Once the objective and the actors are settled, identify the scenarios (also called use cases or user stories) for each of the ways the actors will use SFDC. For example, actors in order operations will be entering and reviewing orders all day long, but they may also need to approve exceptional discounts or other special cases every day or so. Given that this approval process involves different thinking and actions from ordinary orders, approvals must be described in a different scenario. The same person may need to do sales forecast reports to support executives, again requiring a different scenario. These scenario write-ups should briefly describe what the actors are trying to achieve, the data they need to see and modify, the approvals they need to proceed, and the other actors or business processes they need to interact with. Make sure to note whether the scenario requires direct access to the system, or whether the situation could be handled through indirect means such as interacting with another application (e.g., the accounting system) or viewing a Web page, spreadsheet, or report. Log in to www.SFDC-Secrets.com to see an example scenario.

From the scenarios, the team needs to distill a set of system requirements. In many cases, the scenarios will have overlapping needs that are stated from different perspectives. A key step is to identify and consolidate the near-duplicate requirements, and to map them to the features provided by SFDC and related systems. For example, one sales scenario is to create a quote for an opportunity. This is fairly similar to the sales operations’ scenario of updating a quote as well as to the sales manager’s scenario of reviewing and approving a quote. All these scenarios are the requirement to edit opportunity, forecast, and quote information in real time (with the proper access controls to protect privileged information). This requirement maps to stock features in SFDC’s Enterprise edition, but adds the requirement to integrate quote approval with the accounting system. It’s a smart idea to create a correspondence table showing which scenarios need each requirement. Check www.SFDC-secrets.com for an example of this kind of mapping.

Many users (particularly executives) don’t really think in terms of discrete requirements. Instead, they simply visualize what they need to make a decision or take an action. For this reason, it’s a good idea to do mock-ups of a few reports, forms, approval screens, and dashboards (using Excel, PowerPoint, or even pen and paper) and do a “day in the life” walk-through of people’s jobs to get them thinking. Creating these mock-ups can very rapidly elucidate hidden—and difficult—requirements. You’ll be surprised how often a user will say, “Of course, I have to be able to see the customer’s order history to make my decision...” To make sure you’re being realistic, run through a couple of the exercises described in Chapter 2.2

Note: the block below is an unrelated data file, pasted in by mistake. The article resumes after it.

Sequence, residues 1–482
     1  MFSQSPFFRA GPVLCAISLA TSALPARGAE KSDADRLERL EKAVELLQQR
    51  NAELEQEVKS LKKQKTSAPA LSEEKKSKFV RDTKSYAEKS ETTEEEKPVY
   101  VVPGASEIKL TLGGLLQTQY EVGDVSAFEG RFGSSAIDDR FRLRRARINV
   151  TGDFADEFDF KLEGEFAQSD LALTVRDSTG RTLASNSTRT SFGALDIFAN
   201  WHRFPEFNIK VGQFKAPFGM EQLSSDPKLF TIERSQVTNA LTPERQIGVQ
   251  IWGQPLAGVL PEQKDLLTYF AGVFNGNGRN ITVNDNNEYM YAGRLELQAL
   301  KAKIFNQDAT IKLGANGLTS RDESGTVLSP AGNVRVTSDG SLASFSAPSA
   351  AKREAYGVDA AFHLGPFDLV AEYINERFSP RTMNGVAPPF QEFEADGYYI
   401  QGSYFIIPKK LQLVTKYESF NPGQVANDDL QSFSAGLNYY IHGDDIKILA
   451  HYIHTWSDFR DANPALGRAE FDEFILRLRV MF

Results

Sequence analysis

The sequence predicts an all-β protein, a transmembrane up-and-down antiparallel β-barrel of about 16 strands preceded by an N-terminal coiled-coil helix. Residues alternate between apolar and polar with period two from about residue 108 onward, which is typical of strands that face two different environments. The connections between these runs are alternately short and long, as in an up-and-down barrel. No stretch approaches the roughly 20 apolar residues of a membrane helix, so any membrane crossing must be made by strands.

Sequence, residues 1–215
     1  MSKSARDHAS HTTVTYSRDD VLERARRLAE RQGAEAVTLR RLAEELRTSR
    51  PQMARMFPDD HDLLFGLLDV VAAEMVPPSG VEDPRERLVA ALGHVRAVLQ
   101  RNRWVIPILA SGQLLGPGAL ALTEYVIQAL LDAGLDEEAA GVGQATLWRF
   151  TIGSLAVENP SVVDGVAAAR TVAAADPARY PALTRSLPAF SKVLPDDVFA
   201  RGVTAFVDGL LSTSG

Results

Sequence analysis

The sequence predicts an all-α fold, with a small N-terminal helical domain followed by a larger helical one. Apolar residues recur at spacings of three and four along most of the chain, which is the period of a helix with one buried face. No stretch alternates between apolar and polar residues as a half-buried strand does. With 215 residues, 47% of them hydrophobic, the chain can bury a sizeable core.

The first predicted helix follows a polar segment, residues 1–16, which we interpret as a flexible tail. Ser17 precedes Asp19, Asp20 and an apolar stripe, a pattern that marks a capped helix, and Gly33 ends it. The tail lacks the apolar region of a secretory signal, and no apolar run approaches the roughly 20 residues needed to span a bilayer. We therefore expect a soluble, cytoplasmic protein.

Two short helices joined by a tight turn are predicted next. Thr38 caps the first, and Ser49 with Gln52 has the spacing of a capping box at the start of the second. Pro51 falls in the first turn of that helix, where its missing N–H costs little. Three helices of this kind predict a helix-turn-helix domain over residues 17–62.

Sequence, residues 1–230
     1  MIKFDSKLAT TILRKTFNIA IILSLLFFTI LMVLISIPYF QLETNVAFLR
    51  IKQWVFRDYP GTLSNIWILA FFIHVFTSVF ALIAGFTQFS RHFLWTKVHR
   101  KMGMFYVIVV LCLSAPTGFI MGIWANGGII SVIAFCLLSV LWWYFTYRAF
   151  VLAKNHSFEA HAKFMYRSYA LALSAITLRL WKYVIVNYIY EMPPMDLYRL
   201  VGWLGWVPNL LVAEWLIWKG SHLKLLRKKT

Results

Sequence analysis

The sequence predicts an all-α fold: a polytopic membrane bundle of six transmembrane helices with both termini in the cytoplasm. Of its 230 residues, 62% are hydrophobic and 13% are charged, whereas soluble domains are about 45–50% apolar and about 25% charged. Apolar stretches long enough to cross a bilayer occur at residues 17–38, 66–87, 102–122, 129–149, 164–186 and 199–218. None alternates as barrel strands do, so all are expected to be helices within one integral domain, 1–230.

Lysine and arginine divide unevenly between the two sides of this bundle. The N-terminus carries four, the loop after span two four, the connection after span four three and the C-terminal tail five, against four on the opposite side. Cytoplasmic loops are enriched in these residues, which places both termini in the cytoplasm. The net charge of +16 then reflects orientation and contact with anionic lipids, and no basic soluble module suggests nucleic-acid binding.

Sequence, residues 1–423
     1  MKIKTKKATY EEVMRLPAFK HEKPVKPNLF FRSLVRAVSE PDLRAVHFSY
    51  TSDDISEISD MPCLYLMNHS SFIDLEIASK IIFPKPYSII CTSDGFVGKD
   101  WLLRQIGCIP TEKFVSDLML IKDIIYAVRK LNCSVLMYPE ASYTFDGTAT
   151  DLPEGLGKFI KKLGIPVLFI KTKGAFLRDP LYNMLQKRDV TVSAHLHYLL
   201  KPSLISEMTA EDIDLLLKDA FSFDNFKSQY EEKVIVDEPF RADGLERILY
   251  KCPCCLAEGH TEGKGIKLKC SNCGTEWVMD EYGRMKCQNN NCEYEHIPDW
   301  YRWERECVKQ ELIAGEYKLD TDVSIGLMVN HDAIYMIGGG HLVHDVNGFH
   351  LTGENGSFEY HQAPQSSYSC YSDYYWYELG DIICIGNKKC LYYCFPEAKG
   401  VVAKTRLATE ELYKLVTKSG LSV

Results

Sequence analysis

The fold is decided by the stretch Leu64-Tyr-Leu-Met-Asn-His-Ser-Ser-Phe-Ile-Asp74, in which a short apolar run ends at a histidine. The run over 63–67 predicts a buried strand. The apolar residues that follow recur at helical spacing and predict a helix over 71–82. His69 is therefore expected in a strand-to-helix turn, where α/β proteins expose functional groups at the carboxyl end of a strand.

Resist the temptation to speak in terms of product feature lists. Each requirement should be stated in terms of the business need (i.e., a step in a business process with a measurable result) rather than as a technical description (how the feature works). Each requirement description should be as brief as possible, and each should be stored in a separate document. (If your company is really into paper, the requirements document should be placed in a three-ring binder, with individual pages being inserted or updated on at least a monthly basis.)

In addition to user-driven features, make sure to cover “taken for granted” system characteristics in your requirements documents: system availability (e.g., 7 A.M.–10 P.M. EST five days a week), system response times (1 second during operating hours), administrative response times (e.g., 1 hour during operating hours, 4 hours on weekends), thresholds for data error (e.g., zero defects in records A, B, and C, but 4% in all other records), international language support, multi-currency support, unusual fiscal periods, and other “environmental items” that you discover from your requirements gathering.

In a large company with complex business processes, the scenarios and requirements will multiply quickly: their sheer number will soon be overwhelming. The best way to handle this issue is to create a short overview spreadsheet that organizes and summarizes the requirements in a hierarchical fashion and helps the team visualize them from a “top-down” perspective. This high-level spreadsheet should not provide the details of any one requirement, but rather should show how the requirements fit together to form the big picture of the project. (Check out www.SFDC-secrets.com for an example requirements overview spreadsheet.) The requirements spreadsheet needs to make it obvious to team members (and executives) the reasons why each line item is there, its scope, its schedule, its cost, its sponsor, and the line item(s) it could be traded off against.